“Again, it will be important to ensure that Public Health England guidelines, including maintaining a 2 metre distance from any household occupants, are followed to ensure everyone’s safety.
“No work should be carried out in any household which is isolating or where an individual is being shielded, unless it is to remedy a direct risk to the safety of the household, such as emergency plumbing or repairs, and where the tradesperson is willing to do so. In such cases, Public Health England can provide advice to tradespeople and households.
“No work should be carried out by a tradesperson who has coronavirus symptoms, however mild.”
A recently-arrived neighbour on Fawnbrake Avenue, Maxine Latinis, is a Barre fitness instructor, and would be happy to welcome local residents to her classes at the South London Dance School in the centre of Herne Hill.
After noticing that several gyms in the area offer oversubscribed Barre classes, Maxine decided to team up with The South London Dance School and bring Drop In classes to South London. She hopes to save Barre converts the long trip into central London, or the commitment of a gym membership.
Barre, she explains, is a fitness class, open to all abilities, that utilises the strengthening elements of Ballet, the stabilising focus of Pilates and the stretching techniques of Yoga. Each class is to music, and runs for 55 minutes. As she puts it … “imagine the repetitions of Pilates with a little more diversity & excitement!”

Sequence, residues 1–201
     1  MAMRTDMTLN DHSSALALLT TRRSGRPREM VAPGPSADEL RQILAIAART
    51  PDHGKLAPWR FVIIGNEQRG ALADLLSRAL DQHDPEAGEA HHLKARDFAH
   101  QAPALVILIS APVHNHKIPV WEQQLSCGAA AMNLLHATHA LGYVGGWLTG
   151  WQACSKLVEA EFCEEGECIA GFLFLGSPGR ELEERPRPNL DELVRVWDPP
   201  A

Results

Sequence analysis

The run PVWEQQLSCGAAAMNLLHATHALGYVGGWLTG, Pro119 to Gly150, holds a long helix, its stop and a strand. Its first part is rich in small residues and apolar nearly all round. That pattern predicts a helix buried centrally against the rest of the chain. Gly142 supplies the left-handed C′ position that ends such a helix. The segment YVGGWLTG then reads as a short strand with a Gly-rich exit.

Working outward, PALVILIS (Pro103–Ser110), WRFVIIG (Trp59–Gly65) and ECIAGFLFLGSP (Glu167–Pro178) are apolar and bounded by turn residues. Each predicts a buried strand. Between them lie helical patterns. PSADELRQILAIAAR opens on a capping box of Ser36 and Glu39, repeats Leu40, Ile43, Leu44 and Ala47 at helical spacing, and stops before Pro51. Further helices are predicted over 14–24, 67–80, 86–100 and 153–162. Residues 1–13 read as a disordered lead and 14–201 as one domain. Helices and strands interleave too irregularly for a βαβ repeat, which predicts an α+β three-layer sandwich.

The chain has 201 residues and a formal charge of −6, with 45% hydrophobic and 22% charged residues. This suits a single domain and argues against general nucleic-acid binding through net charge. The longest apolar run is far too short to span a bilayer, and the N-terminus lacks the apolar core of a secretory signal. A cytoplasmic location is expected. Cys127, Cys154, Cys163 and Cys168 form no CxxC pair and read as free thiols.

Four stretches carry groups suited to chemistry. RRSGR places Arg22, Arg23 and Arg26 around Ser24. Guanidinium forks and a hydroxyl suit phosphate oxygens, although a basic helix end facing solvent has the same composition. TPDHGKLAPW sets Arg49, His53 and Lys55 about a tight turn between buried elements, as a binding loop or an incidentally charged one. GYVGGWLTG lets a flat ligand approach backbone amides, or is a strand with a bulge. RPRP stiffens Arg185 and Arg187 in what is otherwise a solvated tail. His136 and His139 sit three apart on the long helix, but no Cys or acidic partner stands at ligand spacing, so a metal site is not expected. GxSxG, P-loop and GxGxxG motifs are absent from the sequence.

Maxine can be found at The South London Dance School, Wednesday mornings, between 7-7.55am & 8-8.55am
Maxine also teaches for Virgin Active, around London, including Virgin Active in Streatham.
This site does not generally canvass for charitable giving, but this excellent cause is brought to us by one of our neighbours on Fawnbrake Avenue, so please read on.
Although most of us on this street haven’t had any reason to use it – and with luck may never need to – the Citizens Advice Bureau in Brixton, or more accurately the Brixton Advice Centre, is a vital and unique port of call for people who often have nowhere else to turn for advice and help. But it is desperately short of money, and our Fawnbrake neighbour, Fred Taggart, who is the Honorary Secretary and a Herne Hill resident for 39 years, has launched a local appeal for critically needed funds. Trustees and staff are looking for sponsorship when they join in the 2019 Legal Walk in two weeks’ time.
Fred Taggart writes: